Another state is bringing the hammer down on FanDuel and DraftKings

Illinois State Attorney General Lisa Maddigan stated that the daily fantasy games offered by FanDuel and DraftKings constitute illegal gambling in a document released on Wednesday night.

“[I]t is my opinion that the contests in question constitute illegal gambling under subsection 28-1(a) of the Criminal Code of 2012 … and the exemption set forth in subsection 28-1(b)(2) of the Criminal Code … does not apply,” Maddigan wrote in a letter to state representatives Elgie R. Sims Jr. and Scott R. Drury.

Sims and Drury are chairperson and vice-chairperson, respectively, of the state’s Criminal Committee and had previously inquired to Maddigan as to the legality of daily fantasy sports contests in the state.

The relevant section of the state’s criminal code, as highlighted in the letter, states:

(a) A person commits gambling when he or she:

(1) knowingly plays a game of chance or skill for money or other thing of value, unless excepted in subsection (b) of this Section;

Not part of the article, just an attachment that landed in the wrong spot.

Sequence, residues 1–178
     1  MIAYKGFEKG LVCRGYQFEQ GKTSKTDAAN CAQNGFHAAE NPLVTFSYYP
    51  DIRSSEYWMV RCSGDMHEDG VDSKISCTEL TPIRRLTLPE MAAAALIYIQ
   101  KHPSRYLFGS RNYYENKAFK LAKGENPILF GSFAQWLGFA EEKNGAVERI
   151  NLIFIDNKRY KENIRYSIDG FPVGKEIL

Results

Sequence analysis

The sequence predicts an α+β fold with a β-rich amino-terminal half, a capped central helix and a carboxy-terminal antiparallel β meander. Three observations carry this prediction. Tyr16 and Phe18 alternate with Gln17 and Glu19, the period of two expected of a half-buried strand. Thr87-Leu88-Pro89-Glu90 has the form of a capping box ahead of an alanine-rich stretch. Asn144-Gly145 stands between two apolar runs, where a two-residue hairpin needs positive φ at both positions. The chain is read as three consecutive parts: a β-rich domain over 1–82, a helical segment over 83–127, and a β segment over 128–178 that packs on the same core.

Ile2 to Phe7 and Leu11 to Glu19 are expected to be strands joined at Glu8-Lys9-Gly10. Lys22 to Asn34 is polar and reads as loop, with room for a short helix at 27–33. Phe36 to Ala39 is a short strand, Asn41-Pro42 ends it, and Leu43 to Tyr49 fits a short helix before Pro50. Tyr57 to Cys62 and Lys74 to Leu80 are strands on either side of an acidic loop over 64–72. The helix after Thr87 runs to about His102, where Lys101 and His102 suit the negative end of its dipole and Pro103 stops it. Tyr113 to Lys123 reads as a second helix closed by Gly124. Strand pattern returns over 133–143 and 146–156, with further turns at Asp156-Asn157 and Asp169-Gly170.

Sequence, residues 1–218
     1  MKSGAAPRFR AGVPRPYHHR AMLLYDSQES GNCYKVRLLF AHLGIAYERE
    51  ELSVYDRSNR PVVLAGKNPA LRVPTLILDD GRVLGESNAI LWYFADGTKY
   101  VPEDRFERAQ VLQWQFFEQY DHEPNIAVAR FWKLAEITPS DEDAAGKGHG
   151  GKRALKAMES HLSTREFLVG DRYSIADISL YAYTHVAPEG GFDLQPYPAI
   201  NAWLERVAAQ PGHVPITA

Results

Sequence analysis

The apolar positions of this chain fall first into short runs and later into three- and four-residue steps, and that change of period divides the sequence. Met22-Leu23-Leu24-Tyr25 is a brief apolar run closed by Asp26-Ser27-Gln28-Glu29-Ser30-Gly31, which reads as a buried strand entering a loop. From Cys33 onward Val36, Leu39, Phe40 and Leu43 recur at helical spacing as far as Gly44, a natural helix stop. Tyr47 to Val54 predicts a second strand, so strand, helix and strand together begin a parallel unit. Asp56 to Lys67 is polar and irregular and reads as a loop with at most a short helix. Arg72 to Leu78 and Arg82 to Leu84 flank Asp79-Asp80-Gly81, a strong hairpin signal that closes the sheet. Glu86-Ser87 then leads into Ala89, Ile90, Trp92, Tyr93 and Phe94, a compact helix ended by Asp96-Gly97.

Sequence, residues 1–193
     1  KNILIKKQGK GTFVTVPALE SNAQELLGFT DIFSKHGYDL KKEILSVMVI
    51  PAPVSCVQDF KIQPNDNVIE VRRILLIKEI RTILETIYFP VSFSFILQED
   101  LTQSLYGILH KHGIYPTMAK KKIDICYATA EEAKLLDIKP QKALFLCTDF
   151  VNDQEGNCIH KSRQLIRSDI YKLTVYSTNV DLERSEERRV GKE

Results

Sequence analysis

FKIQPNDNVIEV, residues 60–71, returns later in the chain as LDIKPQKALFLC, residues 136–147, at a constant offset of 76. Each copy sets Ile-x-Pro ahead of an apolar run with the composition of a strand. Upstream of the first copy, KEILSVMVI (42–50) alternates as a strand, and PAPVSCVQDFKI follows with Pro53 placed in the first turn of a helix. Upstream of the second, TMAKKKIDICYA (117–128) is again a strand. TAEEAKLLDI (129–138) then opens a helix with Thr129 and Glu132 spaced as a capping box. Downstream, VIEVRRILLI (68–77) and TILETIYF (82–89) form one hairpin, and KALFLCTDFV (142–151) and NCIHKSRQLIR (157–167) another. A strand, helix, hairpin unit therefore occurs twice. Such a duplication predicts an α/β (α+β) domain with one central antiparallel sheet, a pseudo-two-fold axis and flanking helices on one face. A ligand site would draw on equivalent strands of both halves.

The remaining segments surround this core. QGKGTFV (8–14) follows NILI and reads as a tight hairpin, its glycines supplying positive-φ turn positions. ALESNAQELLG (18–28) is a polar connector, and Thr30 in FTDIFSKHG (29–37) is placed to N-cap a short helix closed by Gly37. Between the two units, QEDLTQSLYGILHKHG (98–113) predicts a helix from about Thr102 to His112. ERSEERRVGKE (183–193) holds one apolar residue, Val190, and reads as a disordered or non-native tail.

[ … ]

(12) knowingly establishes, maintains, or operates an Internet site that permits a person to play a game of chance or skill for money or other thing of value by means of the Internet or to make a wager upon the result of any game, contest, political nomination, appointment, or election by means of the Internet. This item (12) does not apply to activities referenced in items (6) and (6.1) of subsection (b) of this Section.

Maddigan noted the theoretically relevant exception of subsection 28-1(a), which allows “Offers of prizes, award or compensation to the actual contestants in any bona fide contest for the determination of skill, speed, strength or endurance,” but determined that “in the context of daily fantasy sports, the ‘actual contestant’ … is the athlete.”

The letter goes on to state that “persons whose wagers depend upon how particular, selected athletes perform in actual sporting events stand in no different stead than persons who wager on the outcome of any sporting event in which they are not participants.”

In short, Maddigan does not believe the exemption applies.

The Attorney General did note in her conclusion pending legislation called the Fantasy Contests Act that seeks to exempt fantasy contests as it defines them. Maddigan used the legislation’s existence and sponsorship to suggest that General Assembly members had also concluded that the contests were currently illegal.

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